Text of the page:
How Netflix is doing in its holiday-movie war with Hallmark and Lifetime, plus a $4,350 pair of jeans: Datacenter Weekly

how netflix is doing in its holiday movie war with hallmark and lifetime plus a 4350 pair of jeans datacenter weekly

Welcome to Ad Age Datacenter Weekly, our data-obsessed newsletter for marketing and media professionals. Reading this online? Sign up to get it delivered to your inbox here.

A grim milestone

“The United States saw its deadliest week since the start of the COVID-19 pandemic,”the New York Post reports, “with a 44 percent rise in fatalities compared to the week prior. … A total of 15,966 Americans died from the virus in the seven-day period between Dec. 3 and Dec. 9, according to data compiled by the COVID Tracking Project, which has been releasing a weekly analysis since March 12.” Keep reading here.


“Ad Age World’s Largest Advertisers has a new leader: Amazon, whose advertising and promotion spending soared 34% to $11 billion in 2019 as net sales surged 20% to $281 billion,” Ad Age’s Bradley Johnson writes, summarizing key findings from the 34th annual global marketers report. “Amazon vaulted over former No. 1 Procter & Gamble Co., which spent an estimated $10.7 billion on advertising and other marketing costs in the fiscal year ended June 2020, according to Ad Age Datacenter.” Keep reading here.

Trending TV

Netflix is giving Hallmark and Lifetime a run for their money in the holiday-movie wars, new data from Diesel Labs suggests. The Boston-based media analytics firm tells Ad Age that the streaming giant has been generating a critical mass of social media conversation around its slate of yuletide programming. Since Netflix doesn’t release ratings (consistently, anyway), its relative ability to capture social mindshare is a useful indicator of how its content is being received in the pop-cultural marketplace. Some key details, per Diesel Labs:

• Netflix is releasing 23 holiday-themed movies/shows this year (up from 10 in 2019), vs. 40 movies from Hallmark and another 40 from Lifetime. (It’s worth noting that Hallmark and Lifetime each distribute their holiday movies across multiple TV networks, whereas Netflix movies just stream on Netflix, of course.)

• Among Hallmark holiday movie “engagers” (as Diesel Labs calls people who generate and participate in conversations across social media) this season, 57% of them have also engaged with original non-holiday content from Netflix, while only 7% of them have engaged with original holiday content from Netflix (roughly 30% of it was for “Holidate”).

• Among Netflix holiday-movie engagers this season, only 4% of them have also engaged with Hallmark holiday movie content.

• Netflix holiday-movie engagers skew much younger than Hallmark holiday-movie engagers, with 39% between 18-24 vs. Hallmark’s 22%.

• Despite Hallmark being the incumbent leader of holiday-movie overkill, Netflix is currently winning in terms of engagement, snagging 51% of all holiday-movie social conversation, vs. 41% for Hallmark and 8% for Lifetime.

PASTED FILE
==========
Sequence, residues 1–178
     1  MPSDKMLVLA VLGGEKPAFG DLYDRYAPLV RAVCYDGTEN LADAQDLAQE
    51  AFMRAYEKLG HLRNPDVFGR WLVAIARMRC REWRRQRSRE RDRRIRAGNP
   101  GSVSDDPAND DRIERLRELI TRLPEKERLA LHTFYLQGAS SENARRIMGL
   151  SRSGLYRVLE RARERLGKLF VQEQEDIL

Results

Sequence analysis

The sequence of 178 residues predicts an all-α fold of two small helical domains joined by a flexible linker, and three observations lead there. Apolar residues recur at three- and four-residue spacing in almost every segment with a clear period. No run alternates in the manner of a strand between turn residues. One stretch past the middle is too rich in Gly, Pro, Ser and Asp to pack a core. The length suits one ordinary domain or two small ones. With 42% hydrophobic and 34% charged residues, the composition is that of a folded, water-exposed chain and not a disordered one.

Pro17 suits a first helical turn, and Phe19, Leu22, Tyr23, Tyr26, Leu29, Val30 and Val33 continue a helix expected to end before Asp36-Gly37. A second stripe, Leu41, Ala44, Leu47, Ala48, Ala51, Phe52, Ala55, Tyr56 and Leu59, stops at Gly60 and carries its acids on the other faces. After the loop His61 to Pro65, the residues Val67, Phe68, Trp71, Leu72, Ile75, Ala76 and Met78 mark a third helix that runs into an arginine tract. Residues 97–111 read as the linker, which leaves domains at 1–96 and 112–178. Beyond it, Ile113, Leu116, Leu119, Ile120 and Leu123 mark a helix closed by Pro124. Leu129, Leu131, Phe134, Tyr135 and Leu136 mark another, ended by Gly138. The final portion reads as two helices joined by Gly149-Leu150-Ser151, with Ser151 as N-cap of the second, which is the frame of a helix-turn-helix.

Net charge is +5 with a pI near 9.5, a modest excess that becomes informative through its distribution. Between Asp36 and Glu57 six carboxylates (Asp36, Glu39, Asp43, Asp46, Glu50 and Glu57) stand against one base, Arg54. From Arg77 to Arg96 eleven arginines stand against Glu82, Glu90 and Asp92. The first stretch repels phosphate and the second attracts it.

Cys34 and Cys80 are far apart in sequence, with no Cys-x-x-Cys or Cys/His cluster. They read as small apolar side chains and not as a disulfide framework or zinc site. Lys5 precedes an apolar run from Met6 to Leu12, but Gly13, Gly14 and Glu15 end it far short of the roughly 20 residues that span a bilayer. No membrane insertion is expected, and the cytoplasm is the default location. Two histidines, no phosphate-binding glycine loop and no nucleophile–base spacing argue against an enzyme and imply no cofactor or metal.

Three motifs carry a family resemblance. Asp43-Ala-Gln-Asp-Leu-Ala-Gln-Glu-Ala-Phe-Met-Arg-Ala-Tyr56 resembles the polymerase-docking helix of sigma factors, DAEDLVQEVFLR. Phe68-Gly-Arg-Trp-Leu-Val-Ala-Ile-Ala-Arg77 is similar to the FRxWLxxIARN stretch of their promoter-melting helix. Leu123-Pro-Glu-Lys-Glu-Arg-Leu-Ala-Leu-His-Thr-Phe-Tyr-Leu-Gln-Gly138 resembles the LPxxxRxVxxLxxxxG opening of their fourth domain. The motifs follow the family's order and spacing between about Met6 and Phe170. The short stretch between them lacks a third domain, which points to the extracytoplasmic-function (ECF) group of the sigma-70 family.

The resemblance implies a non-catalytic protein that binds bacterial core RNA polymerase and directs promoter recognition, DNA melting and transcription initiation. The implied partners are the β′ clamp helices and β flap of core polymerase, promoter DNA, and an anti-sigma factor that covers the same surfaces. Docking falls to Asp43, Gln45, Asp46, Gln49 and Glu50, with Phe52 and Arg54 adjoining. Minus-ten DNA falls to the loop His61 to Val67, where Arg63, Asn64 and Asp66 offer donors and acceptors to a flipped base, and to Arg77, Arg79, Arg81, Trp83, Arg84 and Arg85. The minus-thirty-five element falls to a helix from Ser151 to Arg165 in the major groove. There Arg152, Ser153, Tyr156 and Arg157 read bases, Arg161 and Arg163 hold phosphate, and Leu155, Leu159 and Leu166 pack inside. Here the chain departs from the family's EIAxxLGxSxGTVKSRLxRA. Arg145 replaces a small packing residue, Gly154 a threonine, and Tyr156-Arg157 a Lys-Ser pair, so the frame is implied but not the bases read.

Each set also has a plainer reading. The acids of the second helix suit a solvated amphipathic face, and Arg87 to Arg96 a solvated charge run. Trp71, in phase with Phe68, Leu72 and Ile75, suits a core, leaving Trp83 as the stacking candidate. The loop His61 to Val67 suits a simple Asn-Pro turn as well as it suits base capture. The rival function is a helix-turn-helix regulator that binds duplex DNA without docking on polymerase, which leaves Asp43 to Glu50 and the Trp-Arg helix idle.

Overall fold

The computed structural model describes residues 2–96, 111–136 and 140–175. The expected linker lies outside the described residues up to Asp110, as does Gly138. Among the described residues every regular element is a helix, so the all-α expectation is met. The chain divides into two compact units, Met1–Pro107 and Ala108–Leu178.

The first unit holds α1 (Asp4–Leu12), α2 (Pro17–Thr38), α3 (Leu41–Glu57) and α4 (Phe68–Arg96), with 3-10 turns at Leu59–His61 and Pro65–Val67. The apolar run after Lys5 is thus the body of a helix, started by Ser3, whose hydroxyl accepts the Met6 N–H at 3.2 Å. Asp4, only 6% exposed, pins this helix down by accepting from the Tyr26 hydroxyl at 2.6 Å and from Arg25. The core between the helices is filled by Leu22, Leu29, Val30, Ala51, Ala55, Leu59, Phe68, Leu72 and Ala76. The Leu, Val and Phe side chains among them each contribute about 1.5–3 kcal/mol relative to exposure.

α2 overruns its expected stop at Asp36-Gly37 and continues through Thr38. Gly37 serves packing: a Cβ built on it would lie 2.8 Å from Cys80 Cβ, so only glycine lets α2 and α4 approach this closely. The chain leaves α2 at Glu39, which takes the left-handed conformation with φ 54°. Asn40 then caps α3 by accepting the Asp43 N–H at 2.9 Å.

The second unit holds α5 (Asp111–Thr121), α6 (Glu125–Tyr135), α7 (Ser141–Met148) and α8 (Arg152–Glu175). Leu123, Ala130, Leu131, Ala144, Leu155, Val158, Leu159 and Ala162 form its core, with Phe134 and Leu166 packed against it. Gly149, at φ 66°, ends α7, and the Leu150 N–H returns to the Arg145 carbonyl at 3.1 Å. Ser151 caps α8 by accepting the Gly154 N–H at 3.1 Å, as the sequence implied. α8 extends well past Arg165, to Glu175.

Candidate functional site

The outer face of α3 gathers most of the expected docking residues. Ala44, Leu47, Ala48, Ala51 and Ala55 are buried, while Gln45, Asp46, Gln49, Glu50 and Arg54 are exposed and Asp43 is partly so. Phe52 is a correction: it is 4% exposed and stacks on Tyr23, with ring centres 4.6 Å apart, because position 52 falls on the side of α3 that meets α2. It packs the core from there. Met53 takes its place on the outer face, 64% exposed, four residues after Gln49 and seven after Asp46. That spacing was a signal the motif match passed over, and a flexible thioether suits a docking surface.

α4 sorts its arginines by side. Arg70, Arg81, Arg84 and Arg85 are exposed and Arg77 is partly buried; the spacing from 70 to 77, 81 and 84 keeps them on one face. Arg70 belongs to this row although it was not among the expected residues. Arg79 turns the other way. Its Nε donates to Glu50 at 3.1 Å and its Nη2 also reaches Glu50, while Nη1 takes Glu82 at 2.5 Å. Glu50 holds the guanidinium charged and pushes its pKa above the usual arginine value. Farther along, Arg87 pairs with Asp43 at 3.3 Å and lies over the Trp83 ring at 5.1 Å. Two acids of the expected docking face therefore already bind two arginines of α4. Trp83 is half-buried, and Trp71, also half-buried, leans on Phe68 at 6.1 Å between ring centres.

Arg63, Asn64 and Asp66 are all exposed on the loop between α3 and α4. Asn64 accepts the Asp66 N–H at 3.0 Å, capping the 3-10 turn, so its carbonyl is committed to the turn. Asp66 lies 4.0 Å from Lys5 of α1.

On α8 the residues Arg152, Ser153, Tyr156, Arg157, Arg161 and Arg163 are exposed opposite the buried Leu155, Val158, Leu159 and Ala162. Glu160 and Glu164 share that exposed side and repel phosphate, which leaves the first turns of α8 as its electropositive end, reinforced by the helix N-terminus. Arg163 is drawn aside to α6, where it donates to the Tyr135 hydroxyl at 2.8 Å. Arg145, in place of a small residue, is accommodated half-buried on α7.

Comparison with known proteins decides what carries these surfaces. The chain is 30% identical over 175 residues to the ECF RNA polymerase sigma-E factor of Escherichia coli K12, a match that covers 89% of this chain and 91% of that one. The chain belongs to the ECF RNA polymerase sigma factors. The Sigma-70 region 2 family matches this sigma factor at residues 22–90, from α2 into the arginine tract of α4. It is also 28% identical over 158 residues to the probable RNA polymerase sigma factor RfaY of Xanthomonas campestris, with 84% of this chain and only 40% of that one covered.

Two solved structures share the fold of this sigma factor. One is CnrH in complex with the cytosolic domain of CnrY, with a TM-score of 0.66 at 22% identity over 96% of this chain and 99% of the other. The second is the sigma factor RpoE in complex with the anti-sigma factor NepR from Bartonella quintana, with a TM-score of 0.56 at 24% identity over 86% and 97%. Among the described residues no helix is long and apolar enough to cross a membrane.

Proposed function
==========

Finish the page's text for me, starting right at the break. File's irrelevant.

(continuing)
Zooming to the top

“Zoom is the not-so-surprising big winner among 2020’s fastest-growing brands in a new Morning Consult study,” Ad Age’s Jack Neff reports. “But there are plenty of surprises down the list, led by Bayer’s widely criticized herbicide Roundup as the 11th fastest-growing brand, and Condé Nast’s venerable magazine brand The New Yorker as the 14th fastest-growing brand among Gen Z.” Keep reading here.


That’s what a pair of jeans—specifically, a limited-edition creation from L.A.-based denim brand Chrome Hearts—recently went for on Grailed, the platform/app for collectible fashion. Those jeans, though, were only the fourth-priciest item sold on Grailed in November. To see the entire top 10, click here.


That’s how many people applied for new jobless benefits last week, according to The Washington Post.

Disaster recovery

You’re going to want to get your hands on “Marketing in the time of COVID-19,” Ad Age’s new (free) white paper offering a deep data dive into what’s happened to marketers, media and brands during the coronavirus pandemic. Ad Age Datacenter produced the report based on data and analysis from Kantar. Get facts and stats on how the pandemic has affected ad spending, social media, consumer behavior, sports marketing, retailing and advertising creative. Download it here

Just briefly

“Apple and Google to Stop X-Mode From Collecting Location Data From Users’ Phones,” per The Wall Street Journal.

“A State Scientist Questioned Florida’s Virus Data. Now Her Home’s Been Raided,” The New York Times reports.

“Undocumented Immigrants Are Half as Likely to Be Arrested for Violent Crimes as U.S.-Born Citizens,” per Scientific American, summarizing research out of the University of Wisconsin—Madison.

“How To Remove Your Data From Twitter,” per Forbes.

The newsletter is brought to you by Ad Age Datacenter, the industry’s most authoritative source of competitive intel and home to the Ad Age Leading National Advertisers, the Ad Age Agency Report: World’s Biggest Agency Companies and other exclusive data-driven reports. Access or subscribe to Ad Age Datacenter at

Ad Age Datacenter is Kevin Brown, Bradley Johnson and Catherine Wolf.

This week’s newsletter was compiled and written by Simon Dumenco.